Roundtable Lower Fraser River South Side
1)       Environmental All Candidates meeting before the Langley election.  Lots of information about this on the website  Well attended (130 vs usual 80).  Good attendance by candidates although most of them don’t seem to know much about environmental issues including the incumbents several of whom didn’t                spend much time preparing.  The candidates were given written questions to answer before meeting an extensive amount of background material to read (again see website).  They seemed to find this overwhelming and the answers were often rudimentary.  We may need to simplify the questions again in the future as we have tended to do in the past.  2)       Successfully putting together a field trip curriculum for the Langley schools working with Trinity Western.  The first module is geared to the classes that take the fish in the classroom curriculum and we anticipate many of these classes participating this spring.  We have had good support and help from Bev Bowler.  We are also developing a new unit that requires less background knowledge and addresses the problems that can occur (mostly through human impacts) to habitat and how habitat issues affect the fish population especially as the Salmon is a coho stream.  3)       Continuing to lobby the Township to preserve the Fort Langley floodplain as there is a lot of pressure from farmers to drain the floodplain and it is clear that the Township wants to do something to appease the farmers.  The latest study shows that a number of measures (drawing the water level down in the river, constructing a bypass drainage channel etc. etc.) would be needed at a cost of almost $10 million or likely more.  This would only dry out (to ARDSA standards) 144 hectares so the land is likely not worth anywhere near the $10 million that they would have to spend.  In Surrey, however, over $20 million was spent and the provincial agriculture people seem to think that this is what Langley should do as well.  Unfortunately although we all know that coho populations plummeted due to agriculture issues around the Serpentine in Surrey there doesn’t seem to be any data to prove this was related to agriculture so the provincial agriculture people are quite obnoxious in their insistence that what was done in Surrey was a good thing for everyone including the fish (they created a nice wide “highway” for the fish to go down which according to them has to be good).
4)       Groundwater issues are still not being addressed with no Ground water Act yet that does anything effective and with manure issues everywhere around the valley.  See the page sent out via the list serve about loosening of the manure guidelines this winter.  5)       Good feedback from the schools on the environmental library (books given out to the schools last spring).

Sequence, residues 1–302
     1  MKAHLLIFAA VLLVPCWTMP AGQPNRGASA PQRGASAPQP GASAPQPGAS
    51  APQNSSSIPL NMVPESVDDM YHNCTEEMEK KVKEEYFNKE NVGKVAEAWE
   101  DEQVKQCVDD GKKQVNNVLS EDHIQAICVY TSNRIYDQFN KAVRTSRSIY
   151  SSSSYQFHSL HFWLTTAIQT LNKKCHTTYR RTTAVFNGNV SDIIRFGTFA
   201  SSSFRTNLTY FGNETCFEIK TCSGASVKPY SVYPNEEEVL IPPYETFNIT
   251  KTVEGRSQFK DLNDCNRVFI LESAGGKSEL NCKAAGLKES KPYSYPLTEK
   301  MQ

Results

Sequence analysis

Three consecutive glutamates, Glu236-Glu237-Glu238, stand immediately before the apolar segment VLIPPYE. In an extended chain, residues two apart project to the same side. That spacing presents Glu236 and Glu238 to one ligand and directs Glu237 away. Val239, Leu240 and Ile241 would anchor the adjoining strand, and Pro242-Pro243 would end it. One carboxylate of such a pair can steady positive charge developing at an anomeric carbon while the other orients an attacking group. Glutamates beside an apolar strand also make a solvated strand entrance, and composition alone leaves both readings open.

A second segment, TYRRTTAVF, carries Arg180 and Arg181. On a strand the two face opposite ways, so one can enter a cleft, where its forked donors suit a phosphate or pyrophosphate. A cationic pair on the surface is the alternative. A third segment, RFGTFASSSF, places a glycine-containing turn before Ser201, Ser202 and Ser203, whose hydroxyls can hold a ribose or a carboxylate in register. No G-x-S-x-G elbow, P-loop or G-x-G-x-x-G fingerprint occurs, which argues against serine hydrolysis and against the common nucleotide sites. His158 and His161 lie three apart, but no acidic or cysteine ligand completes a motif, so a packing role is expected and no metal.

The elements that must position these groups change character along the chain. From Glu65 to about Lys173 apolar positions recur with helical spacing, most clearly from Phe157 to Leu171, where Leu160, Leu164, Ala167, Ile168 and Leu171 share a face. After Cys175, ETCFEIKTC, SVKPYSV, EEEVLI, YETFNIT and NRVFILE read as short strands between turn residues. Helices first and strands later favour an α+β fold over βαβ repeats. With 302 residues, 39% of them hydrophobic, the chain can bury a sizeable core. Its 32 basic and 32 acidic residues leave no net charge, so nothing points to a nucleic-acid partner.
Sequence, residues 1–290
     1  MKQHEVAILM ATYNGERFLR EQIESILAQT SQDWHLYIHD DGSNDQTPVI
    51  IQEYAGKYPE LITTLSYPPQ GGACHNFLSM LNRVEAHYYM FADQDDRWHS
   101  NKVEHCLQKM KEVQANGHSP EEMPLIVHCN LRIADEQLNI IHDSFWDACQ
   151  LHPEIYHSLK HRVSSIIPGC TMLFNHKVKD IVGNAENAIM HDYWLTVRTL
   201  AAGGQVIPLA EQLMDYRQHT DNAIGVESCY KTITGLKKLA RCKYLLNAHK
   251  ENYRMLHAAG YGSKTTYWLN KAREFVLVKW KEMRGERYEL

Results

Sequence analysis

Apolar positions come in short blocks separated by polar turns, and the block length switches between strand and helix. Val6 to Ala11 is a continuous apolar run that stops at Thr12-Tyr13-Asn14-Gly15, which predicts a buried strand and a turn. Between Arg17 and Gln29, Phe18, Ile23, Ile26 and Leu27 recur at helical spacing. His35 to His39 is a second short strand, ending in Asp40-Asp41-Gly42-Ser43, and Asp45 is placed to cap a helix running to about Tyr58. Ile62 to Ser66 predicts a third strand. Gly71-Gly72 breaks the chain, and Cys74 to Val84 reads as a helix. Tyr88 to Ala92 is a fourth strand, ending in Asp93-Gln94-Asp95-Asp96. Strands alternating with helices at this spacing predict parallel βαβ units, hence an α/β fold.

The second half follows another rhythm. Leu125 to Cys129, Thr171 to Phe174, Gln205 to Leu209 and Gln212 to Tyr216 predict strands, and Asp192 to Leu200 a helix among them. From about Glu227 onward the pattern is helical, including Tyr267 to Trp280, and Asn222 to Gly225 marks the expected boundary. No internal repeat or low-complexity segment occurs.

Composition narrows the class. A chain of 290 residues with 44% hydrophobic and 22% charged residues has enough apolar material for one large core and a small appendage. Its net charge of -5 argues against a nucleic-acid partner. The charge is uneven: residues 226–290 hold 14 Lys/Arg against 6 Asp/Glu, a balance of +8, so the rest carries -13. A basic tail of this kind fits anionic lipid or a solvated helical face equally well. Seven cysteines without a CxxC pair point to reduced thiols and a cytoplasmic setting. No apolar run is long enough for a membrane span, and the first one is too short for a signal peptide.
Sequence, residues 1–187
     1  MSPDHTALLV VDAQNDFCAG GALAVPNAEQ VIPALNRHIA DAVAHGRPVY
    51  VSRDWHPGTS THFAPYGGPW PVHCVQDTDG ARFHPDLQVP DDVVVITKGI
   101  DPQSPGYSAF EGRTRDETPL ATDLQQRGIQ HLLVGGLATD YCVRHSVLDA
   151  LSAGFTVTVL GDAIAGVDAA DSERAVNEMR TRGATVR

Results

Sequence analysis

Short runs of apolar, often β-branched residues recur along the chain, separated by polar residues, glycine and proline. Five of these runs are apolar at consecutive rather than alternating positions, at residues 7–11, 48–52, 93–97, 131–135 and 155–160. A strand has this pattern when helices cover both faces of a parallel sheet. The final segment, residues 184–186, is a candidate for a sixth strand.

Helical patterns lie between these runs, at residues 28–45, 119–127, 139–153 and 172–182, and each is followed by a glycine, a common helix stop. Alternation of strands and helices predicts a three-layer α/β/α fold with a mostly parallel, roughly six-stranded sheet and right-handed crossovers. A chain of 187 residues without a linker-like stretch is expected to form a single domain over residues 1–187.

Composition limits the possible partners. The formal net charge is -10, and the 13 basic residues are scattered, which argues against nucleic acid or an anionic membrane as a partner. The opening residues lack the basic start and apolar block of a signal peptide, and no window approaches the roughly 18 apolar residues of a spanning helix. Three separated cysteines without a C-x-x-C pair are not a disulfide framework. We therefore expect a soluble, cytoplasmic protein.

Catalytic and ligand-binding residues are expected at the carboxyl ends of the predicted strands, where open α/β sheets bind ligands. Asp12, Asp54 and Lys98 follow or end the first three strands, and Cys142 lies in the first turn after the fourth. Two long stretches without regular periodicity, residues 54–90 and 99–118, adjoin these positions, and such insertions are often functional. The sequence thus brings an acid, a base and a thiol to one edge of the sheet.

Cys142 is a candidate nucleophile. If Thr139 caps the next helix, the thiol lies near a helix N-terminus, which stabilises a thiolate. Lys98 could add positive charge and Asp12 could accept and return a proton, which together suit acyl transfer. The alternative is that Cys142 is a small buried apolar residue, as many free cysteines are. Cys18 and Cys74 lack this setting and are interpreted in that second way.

And now for the main issue which will come as no surprise.
Lack of enforcement and protection
This is still my priority item and will continue to be until is it addressed effectively. 
Although SEHAB has sent letters about this some time ago I don’t think we have addressed it as consistently as it needs to be addressed for DFO to understand how upset the volunteers continue to be about this.  For them to still be talking about the community changing the ethic and somehow reducing violations indicates that they just don’t have any understanding of how the volunteer community feels and how badly DFo is failing. 
The example for this meeting is Stokes Pit where a tremendous amount of habitat has been lost in the Surrey Campbell Heights industrial park development (yes they named it after the river while they destroy the habitat and drop the water table drastically).  It appears that Surrey and Envirowest mislead DFO, that DFO did not realize how much habitat was at risk
(this was an abandoned gravel pit and was advertised as not being much use for anything) etc. etc.  WCEL is involved in trying to see if a case can be made against the city, the consultant or even possibly DFO. 
The common denominator in the protection problem is that DFO is going in the opposite direction from what has been shown to work across North America in law enforcement.  Books such as “The Tipping Point” graphically describe how the crime rate in New York City declined as a result of hiring more officers, making their job easier (simplifying the paperwork so they could get on with the job and having a fine system that didn’t require court time), and dealing with all the little things (the broken window theory).  This is how to change the community ethic.  This is what DFO says that they want to do but they are going in the wrong direction with their present changes. 
I also presented articles from the Vancouver sun (3 over the last 2 months) documenting that this need to increase enforcement personnel is a key to reducing crime as opposed to what DFO is doing reducing enforcement and reducing the field presence.  . 
I also presented a few pages from another book “The Wisdom of Crowds” describing games theory research showing that a game set up so there is an opportunity to cheat will tend to have a certain percentage of cheaters (15 to 25%) but that percentage increases if there is a lack of enforcement of the rules and decreases if the rules are enforced.  This is more evidence that DFO needs to enforce even the smaller things to prevent the bigger things from happening.  
Doug McFee 
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